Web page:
A Void in the Market
Jackson has combined her marketing expertise with her continuing desire to see women healthy internally and externally. In 2014, she created Phitnus, a fitness series offering dance classes led by certified instructors. The series also offers DVDs and multivitamins. With the latter, she specifically honed in on the void in the market as it relates to African American women.

"The market was saturated with soaps and lotions, but there were little to no vitamin bottles with black women on them," says Jackson, who worked with a vitamin company in California to develop ingredients for her products. She began shipping in 2015, and has clients as far as West Africa.

Today, like many women who are starting a new product business, her dining room table has become a mini-factory. The bottles are already full and secure when they come to her, but she likes to put her own special touch on the packaging before shipping them out to customers. Like many entrepreneurs, she says, "At the beginning you are investing more than what you are getting back." 

But she keeps going, because she focuses on her "why."

"I always tell women to seek that inspiration. Look at the why," she says. "Ask yourself 'What do I want?' and be prepared to work towards your goal one step at a time."

Learn more about Jackson's work at Phoenix Affect.

EspeciallyMe: Unstoppable!

EspeciallyMe™ Founder and Executive Director Patricia Houston surrounded by conference volunteers. Archive Photo: Courtesy EspeciallyMe.EspeciallyMe is not afraid to address real issues as demonstrated by the people chosen to speak to its participants over the years. This year is no different. The keynote speaker for the 18th Annual EspeciallyMe™ High School Conference, focusing on African American high school girls is Kemba Smith-Pradia. The theme is “Unstoppable!”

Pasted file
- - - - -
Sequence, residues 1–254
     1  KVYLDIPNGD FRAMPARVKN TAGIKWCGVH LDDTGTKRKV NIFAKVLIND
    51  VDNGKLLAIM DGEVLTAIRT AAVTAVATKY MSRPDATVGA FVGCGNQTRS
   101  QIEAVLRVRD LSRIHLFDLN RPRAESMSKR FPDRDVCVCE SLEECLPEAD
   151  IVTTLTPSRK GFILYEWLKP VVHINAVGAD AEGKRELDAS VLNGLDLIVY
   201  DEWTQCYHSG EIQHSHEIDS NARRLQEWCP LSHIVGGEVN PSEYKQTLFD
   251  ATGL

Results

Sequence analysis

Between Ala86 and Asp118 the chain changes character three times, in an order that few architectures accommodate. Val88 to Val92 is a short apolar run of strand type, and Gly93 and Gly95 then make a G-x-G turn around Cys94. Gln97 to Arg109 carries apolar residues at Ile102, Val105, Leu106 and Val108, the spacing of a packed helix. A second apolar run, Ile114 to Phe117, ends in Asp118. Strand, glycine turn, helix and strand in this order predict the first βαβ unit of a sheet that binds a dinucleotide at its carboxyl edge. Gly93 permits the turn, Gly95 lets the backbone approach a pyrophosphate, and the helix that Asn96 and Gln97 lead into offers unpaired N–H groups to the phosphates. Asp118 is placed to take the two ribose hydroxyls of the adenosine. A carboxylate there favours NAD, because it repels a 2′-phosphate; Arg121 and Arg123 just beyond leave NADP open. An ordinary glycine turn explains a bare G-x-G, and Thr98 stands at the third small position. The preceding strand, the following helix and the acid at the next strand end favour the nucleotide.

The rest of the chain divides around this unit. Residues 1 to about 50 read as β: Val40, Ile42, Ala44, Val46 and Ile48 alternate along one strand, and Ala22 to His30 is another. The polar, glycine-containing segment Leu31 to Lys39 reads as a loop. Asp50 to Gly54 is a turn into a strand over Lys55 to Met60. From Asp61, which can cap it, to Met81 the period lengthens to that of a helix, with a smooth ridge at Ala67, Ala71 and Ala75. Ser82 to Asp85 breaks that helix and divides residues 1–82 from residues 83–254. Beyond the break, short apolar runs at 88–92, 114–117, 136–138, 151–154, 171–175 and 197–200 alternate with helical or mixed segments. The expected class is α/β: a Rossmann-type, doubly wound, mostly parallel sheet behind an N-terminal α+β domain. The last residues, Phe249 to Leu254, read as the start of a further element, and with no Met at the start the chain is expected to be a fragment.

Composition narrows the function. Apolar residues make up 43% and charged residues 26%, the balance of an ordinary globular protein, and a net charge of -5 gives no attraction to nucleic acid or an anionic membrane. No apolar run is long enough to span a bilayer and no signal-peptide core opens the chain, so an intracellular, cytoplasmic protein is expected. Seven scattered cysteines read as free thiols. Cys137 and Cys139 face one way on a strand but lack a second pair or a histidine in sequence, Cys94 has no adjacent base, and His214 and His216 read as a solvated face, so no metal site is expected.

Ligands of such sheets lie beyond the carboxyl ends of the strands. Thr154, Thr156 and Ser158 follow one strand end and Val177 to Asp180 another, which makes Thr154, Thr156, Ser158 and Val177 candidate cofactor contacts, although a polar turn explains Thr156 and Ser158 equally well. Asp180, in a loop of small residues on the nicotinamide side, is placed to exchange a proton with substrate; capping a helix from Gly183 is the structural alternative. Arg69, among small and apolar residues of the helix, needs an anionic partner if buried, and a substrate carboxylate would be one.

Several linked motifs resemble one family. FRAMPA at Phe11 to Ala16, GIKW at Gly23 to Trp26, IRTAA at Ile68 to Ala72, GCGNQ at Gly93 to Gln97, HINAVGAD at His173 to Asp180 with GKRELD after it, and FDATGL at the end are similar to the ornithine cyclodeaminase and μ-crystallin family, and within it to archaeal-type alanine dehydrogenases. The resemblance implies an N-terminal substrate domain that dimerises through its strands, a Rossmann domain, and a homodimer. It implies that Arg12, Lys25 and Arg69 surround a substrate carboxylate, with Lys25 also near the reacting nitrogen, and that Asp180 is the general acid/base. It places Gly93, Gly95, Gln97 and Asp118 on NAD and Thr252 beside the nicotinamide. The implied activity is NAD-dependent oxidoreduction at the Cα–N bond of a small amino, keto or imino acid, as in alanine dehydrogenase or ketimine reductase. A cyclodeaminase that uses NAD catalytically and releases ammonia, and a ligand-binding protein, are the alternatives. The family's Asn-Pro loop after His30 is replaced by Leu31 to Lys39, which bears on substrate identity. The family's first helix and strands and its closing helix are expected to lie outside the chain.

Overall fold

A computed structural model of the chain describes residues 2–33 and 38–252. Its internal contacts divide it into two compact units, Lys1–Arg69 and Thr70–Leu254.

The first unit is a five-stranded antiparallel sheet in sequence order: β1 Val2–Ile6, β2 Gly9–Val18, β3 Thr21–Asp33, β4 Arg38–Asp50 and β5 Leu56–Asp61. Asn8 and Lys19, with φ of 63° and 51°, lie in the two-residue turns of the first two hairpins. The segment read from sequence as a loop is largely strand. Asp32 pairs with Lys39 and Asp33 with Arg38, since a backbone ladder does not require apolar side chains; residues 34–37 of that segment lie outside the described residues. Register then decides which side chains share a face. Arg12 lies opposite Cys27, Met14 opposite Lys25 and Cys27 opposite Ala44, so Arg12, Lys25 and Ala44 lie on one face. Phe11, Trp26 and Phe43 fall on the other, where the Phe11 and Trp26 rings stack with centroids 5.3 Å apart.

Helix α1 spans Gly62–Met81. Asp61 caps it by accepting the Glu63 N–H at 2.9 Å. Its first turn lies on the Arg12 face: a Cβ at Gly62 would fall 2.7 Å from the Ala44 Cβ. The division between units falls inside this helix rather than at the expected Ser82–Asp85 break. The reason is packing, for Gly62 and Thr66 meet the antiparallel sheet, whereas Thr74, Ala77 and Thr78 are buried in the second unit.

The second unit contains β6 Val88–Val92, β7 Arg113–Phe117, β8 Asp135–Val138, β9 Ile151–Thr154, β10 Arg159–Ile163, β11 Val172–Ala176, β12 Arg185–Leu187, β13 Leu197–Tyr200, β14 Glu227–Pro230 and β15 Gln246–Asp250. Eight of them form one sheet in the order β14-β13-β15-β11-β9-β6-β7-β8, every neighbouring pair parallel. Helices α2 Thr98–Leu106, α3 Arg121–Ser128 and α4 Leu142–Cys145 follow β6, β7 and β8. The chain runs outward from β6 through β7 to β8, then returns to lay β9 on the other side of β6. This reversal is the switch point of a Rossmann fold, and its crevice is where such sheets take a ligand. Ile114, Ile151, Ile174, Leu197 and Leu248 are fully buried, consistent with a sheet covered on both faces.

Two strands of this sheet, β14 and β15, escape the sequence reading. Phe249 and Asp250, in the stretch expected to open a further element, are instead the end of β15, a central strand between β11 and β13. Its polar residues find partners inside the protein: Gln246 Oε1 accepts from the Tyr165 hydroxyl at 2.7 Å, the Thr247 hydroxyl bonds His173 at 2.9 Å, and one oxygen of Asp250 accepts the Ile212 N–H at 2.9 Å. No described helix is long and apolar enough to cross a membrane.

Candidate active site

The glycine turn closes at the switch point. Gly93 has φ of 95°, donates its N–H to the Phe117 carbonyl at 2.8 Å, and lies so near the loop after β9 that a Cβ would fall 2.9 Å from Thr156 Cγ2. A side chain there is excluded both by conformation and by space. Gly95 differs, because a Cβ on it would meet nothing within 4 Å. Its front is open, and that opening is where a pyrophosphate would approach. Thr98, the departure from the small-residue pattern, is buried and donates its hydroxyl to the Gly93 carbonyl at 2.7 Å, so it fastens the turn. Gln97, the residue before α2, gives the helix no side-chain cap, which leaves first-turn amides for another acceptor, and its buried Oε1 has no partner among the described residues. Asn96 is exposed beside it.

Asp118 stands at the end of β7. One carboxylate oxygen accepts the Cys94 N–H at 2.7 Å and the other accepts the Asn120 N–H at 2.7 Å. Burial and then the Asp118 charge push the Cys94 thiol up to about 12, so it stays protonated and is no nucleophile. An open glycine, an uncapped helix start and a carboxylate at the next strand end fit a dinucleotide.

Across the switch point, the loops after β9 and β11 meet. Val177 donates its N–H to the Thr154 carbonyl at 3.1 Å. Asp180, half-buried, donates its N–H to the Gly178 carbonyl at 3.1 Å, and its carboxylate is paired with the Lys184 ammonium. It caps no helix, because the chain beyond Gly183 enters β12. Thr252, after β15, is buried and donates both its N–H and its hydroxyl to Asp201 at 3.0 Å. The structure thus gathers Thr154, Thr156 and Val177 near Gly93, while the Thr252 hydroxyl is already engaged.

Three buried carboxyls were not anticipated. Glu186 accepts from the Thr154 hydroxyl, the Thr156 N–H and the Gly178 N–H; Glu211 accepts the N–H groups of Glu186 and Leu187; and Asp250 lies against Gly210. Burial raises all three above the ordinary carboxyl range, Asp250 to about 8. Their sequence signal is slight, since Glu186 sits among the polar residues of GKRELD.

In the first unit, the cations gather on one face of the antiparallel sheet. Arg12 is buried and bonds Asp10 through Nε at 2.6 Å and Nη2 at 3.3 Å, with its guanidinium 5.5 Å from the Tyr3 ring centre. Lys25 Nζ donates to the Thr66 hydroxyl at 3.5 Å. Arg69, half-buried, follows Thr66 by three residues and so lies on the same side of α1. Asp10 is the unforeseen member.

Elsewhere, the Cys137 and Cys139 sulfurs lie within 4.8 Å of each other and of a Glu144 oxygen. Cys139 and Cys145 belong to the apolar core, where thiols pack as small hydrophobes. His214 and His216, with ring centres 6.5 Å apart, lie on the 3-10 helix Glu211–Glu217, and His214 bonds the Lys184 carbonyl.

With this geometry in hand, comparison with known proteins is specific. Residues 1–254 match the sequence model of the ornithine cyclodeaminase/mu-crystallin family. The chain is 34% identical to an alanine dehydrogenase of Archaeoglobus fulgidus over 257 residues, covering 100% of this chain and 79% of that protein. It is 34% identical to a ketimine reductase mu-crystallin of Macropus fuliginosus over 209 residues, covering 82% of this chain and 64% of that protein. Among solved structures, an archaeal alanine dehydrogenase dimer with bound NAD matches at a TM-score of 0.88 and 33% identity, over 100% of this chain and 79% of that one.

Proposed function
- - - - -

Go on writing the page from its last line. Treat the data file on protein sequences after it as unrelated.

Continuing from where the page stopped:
Smith-Pradia gained national attention in 1994 when she was sentenced to 24.5 years in federal prison, without the possibility of parole, for a first time non-violent drug offense. She served six and a half years in federal prison. Her case drew support from across the nation and the world in a crusade to reverse a disturbing trend in the rise of lengthy sentences for first time non-violent offenders. She was granted executive clemency in 2000 by President Bill Clinton after he reviewed her case and determined that an injustice had been done. 

On March 30, 2016, the wife, mother, national public speaker and author met with President Barack Obama at the White House. She and other commutation recipients from the George W. Bush, Clinton and Obama administrations were invited to the White House by the president to discuss the reentry process and resources needed to lead a fulfilling, productive life.